Financial statements are the lifeblood of a company. They outline the fiscal health of a business by showing the income taken in and laid out (income statements and cash flow), the outcomes of this activity (balance sheet), and if the business has investors – then a statement of their equity. The latter will be the focus of a separate blog in the near future.

Another way to explain a financial statement is to state that a balance sheet reveals a company’s holdings and debts, income statements show how money was made and spent and cash flow lists the monetary exchange between a company and customers – all for a specified period of time.
The balance sheet will name the business’s assets and liabilities (as well as shareholder equity). An asset is something the company owns outright and has value. It may be something that can be sold or utilized to move the company objectives forward – such as for making a product or delivering a service. Assets include tangible items such as equipment and inventory. Assets can also encompass intangible but equally valuable resources such as patents or trademarks. Finally, cash and investments are assets.
Assets may be current or expected to be converted to cash within a year, while non-current assets are long range items that fall outside a year’s framework. Fixed assets are those that are required to maintain the business, so they fall under the heading of non-current assets.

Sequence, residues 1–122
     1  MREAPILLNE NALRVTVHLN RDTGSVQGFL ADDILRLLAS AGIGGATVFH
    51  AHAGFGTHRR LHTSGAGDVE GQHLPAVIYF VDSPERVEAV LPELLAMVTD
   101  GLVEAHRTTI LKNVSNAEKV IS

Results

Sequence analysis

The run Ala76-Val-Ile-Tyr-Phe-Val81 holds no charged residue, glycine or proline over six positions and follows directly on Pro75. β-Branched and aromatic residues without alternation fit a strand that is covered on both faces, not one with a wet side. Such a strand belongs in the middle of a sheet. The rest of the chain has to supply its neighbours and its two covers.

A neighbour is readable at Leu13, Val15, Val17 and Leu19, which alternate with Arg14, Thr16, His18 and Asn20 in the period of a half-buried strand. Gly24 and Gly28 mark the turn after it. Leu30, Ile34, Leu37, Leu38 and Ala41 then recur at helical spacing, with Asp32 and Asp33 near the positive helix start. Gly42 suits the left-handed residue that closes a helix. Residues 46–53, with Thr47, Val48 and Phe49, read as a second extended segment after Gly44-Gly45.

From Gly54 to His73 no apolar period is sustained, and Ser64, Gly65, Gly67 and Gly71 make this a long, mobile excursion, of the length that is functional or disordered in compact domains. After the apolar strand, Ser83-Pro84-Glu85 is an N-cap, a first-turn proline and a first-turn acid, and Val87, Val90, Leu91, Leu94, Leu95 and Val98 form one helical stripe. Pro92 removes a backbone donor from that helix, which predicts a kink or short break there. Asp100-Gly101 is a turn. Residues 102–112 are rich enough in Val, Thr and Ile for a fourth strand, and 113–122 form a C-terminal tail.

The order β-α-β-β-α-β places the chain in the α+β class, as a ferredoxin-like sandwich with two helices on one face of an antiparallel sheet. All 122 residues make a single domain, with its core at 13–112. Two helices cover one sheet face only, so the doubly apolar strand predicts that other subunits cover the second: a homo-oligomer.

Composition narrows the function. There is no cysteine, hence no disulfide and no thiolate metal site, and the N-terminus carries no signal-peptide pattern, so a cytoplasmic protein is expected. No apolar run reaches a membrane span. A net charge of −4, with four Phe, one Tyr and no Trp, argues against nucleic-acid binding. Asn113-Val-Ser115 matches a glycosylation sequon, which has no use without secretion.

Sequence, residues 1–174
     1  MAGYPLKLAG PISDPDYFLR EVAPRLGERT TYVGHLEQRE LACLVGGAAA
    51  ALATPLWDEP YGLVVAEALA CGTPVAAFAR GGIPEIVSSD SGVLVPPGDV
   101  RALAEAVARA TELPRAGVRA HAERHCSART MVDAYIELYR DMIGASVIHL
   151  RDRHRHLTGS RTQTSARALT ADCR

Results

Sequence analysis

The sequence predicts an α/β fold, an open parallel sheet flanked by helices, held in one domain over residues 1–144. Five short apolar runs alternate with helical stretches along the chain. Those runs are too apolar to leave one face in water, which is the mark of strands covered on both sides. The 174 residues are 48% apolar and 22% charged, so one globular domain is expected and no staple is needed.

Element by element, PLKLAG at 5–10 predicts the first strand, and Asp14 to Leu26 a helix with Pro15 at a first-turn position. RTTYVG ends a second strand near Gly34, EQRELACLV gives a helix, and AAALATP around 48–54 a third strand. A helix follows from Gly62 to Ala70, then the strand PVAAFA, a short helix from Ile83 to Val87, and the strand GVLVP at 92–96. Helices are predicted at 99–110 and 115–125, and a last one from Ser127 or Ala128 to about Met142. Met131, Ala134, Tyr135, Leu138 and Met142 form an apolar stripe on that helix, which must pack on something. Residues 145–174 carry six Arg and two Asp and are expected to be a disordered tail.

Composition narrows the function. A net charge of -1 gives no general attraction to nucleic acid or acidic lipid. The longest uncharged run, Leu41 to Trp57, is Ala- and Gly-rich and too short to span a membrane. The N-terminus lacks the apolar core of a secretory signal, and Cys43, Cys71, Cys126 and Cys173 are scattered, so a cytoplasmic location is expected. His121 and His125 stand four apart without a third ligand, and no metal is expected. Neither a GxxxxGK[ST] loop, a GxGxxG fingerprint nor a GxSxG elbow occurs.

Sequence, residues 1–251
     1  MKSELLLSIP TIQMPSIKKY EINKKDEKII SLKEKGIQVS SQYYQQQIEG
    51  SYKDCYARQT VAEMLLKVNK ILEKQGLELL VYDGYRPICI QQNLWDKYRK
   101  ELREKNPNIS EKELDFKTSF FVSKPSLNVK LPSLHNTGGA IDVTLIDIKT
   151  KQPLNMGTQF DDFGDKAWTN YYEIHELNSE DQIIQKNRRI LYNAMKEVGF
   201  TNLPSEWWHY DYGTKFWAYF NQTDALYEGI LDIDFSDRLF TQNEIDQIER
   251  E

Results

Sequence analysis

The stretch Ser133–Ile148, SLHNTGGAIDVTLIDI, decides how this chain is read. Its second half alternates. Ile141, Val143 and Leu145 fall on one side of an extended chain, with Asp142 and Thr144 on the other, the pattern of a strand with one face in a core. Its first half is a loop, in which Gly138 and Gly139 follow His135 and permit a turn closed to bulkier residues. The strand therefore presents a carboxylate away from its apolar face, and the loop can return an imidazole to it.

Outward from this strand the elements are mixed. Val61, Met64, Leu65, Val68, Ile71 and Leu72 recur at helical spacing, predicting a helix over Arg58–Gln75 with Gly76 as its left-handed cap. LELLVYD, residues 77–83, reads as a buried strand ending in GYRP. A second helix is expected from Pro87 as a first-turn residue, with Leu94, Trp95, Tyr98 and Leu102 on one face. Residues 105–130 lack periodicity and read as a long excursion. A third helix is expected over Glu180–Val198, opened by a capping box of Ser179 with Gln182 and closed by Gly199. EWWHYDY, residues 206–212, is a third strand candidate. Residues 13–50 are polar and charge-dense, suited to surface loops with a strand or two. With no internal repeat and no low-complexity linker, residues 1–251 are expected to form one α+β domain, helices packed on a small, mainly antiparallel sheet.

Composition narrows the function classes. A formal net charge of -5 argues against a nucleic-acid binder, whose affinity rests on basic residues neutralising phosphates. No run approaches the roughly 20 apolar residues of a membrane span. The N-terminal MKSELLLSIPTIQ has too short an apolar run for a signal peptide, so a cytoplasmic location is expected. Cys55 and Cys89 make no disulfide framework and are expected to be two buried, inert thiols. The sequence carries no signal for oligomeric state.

A liability is the opposite. It is something owed or a debt. It may be monetary or tangible obligations, employee wages, taxes or the cost to maintain the business in a brick and mortar location that is not owned by the company. It could be garnishes against the business or even the obligation to meet commitments for goods and services in the future. As with assets, they may be current or long-term. (Dividends paid out to investors fall under the heading of liability).
The income statement reveals a company’s revenue for a specific period of time – usually in increments of a quarter or a full twelve-months. The bottom line of the statement shows the company’s profits and losses. The cash flow statement shows a net increase or decrease in cash with three components – operating activities, investing activities, and financing activities.
For more information on how to read a financial statement, contact the experts at ORT Consulting.